Paul’s Pastoral Heart


The word pastor comes from the Latin word for “shepherd.” Christian ministers are shepherds of Christ’s church, and today’s reading gives us Paul as an example of pastoral oversight.

As Paul headed back to Jerusalem, he visited his earlier church plants, “speaking many words of encouragement to the people” (v. 2). Observe also that Paul’s ministry was a true partnership of leaders throughout the region. They came from Berea, Thessalonica, Philippi, Derbe, Lystra, Asia, and Ephesus, showing that Paul was not a one-man show but part of a bigger body, serving the church along with others. We see this fuller picture of leadership again when Paul met with the Ephesian leaders one final time. His work was done there, but he had appointed elders to continue the pastoral care of the church in Ephesus.

What do we learn about Paul’s pastoral heart from his exhortation to these leaders? First, he reminded them of his own leadership while with them and his willingness to suffer hardship in obedience to God’s calling. A godly pastor should be a model of humble obedience to God’s will.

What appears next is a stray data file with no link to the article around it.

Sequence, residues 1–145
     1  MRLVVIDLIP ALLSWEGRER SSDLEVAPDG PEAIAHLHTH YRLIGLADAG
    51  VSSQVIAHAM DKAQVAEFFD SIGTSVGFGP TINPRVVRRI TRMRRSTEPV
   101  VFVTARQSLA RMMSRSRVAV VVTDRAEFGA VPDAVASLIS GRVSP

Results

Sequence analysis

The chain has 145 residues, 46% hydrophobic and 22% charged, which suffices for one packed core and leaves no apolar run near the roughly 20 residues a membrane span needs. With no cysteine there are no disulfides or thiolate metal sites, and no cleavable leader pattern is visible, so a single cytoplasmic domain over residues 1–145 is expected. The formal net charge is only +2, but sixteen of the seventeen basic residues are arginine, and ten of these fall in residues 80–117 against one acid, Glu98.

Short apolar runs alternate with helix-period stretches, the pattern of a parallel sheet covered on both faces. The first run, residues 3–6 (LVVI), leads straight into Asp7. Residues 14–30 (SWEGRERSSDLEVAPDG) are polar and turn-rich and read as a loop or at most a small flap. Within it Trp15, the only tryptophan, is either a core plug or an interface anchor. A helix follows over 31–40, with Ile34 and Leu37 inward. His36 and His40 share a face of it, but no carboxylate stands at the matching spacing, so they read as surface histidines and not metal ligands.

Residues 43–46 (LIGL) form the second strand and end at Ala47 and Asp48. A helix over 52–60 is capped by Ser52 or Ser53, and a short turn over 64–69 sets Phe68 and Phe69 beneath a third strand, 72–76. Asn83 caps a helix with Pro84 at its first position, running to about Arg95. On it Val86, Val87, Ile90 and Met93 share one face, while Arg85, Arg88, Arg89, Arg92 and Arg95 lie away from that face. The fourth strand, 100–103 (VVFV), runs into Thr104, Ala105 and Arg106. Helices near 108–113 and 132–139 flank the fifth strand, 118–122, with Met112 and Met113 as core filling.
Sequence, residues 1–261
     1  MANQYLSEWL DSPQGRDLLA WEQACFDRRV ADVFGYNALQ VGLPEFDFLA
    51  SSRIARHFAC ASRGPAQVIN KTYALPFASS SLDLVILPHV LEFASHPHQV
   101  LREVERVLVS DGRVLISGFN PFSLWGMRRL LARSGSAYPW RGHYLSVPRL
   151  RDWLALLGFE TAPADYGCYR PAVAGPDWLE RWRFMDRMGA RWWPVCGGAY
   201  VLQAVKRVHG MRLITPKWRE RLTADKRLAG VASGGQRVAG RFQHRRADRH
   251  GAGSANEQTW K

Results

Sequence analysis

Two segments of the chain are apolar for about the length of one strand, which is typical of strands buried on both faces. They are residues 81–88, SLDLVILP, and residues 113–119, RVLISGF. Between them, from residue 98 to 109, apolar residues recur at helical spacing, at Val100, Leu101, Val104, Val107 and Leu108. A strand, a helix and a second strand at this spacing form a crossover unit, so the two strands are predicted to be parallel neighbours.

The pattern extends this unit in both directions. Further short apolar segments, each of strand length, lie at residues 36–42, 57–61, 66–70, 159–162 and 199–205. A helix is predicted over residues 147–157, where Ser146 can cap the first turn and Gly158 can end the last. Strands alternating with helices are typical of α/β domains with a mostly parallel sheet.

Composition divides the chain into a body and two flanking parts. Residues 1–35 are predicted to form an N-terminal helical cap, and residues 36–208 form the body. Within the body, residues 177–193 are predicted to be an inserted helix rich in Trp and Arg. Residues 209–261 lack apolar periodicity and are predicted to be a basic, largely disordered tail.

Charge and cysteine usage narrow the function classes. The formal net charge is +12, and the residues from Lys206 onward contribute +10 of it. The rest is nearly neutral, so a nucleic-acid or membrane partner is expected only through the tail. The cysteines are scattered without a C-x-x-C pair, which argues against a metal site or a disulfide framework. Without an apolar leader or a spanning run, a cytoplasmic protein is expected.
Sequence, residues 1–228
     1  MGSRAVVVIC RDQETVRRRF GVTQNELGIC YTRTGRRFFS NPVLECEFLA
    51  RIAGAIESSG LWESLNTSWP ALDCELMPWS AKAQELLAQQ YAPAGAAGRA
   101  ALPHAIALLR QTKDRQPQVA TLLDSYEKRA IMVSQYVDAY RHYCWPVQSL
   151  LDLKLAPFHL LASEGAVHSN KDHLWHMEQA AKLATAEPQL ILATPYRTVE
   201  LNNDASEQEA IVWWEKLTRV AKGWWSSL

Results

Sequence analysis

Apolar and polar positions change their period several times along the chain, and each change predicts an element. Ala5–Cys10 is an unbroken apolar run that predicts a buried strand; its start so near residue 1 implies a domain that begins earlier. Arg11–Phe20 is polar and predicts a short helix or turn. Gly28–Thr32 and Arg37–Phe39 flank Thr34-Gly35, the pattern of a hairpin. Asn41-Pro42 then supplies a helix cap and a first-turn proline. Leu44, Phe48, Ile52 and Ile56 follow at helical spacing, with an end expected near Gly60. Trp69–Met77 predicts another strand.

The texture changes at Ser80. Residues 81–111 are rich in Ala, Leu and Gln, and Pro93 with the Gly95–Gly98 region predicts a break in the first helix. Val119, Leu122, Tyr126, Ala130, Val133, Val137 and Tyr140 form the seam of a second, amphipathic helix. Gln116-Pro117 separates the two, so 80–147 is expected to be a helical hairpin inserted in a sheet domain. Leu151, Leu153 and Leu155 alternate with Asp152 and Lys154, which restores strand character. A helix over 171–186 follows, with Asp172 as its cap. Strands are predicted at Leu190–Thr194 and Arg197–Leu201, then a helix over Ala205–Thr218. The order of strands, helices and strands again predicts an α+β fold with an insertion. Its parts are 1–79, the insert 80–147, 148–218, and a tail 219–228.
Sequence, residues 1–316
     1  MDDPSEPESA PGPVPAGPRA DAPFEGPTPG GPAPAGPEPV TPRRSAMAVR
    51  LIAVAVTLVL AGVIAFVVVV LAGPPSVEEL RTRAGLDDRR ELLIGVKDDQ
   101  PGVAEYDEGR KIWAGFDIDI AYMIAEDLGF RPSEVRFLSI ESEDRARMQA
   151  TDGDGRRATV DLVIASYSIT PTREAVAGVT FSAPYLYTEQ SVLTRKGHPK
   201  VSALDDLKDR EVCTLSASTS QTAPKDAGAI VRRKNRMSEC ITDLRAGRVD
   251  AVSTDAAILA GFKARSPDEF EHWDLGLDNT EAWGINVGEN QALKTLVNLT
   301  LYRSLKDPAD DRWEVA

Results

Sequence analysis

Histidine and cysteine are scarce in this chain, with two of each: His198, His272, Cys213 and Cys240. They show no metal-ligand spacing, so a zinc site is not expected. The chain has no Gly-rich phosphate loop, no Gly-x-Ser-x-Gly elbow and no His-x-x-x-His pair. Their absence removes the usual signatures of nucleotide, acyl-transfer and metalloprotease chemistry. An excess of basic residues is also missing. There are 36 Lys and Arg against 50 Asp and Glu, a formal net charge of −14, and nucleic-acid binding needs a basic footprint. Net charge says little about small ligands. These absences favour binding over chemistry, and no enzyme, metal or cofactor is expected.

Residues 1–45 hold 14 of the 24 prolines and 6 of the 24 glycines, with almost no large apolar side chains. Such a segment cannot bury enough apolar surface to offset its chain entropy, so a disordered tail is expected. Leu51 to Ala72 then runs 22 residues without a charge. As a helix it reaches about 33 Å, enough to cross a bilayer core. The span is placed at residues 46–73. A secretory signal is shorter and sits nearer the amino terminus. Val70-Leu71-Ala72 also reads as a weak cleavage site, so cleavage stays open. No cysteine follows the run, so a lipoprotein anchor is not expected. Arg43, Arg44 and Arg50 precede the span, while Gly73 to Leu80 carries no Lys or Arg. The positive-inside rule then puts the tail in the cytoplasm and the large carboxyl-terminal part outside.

Second, his central exhortation is for them to be true shepherds themselves. They must “keep watch” (v. 28) and “be on your guard” (v. 31) both for themselves and for Christ’s flock. They must watch out for false teachers (“savage wolves”) who might infiltrate the church.

But above all, Paul reminds them of God’s own love for and oversight of the church. Pastors must always remember that the church is precious because it was “bought with his own blood” (v. 28). In the end Paul committed the church “to God and to the word of his grace” (v. 32), knowing that Christ alone is the true Shepherd of His people (see 1 Peter 2:25).

Apply the Word

The work of Christian pastors is not an easy one. The responsibilities are high, the challenges are great, and the appreciation is often small. Pray for your own pastors and leaders today, that God would strengthen them to continue in humble service, to be on guard against false teaching, and always to remember the true Shepherd’s love and care for the flock.

BY Bryan Stewart

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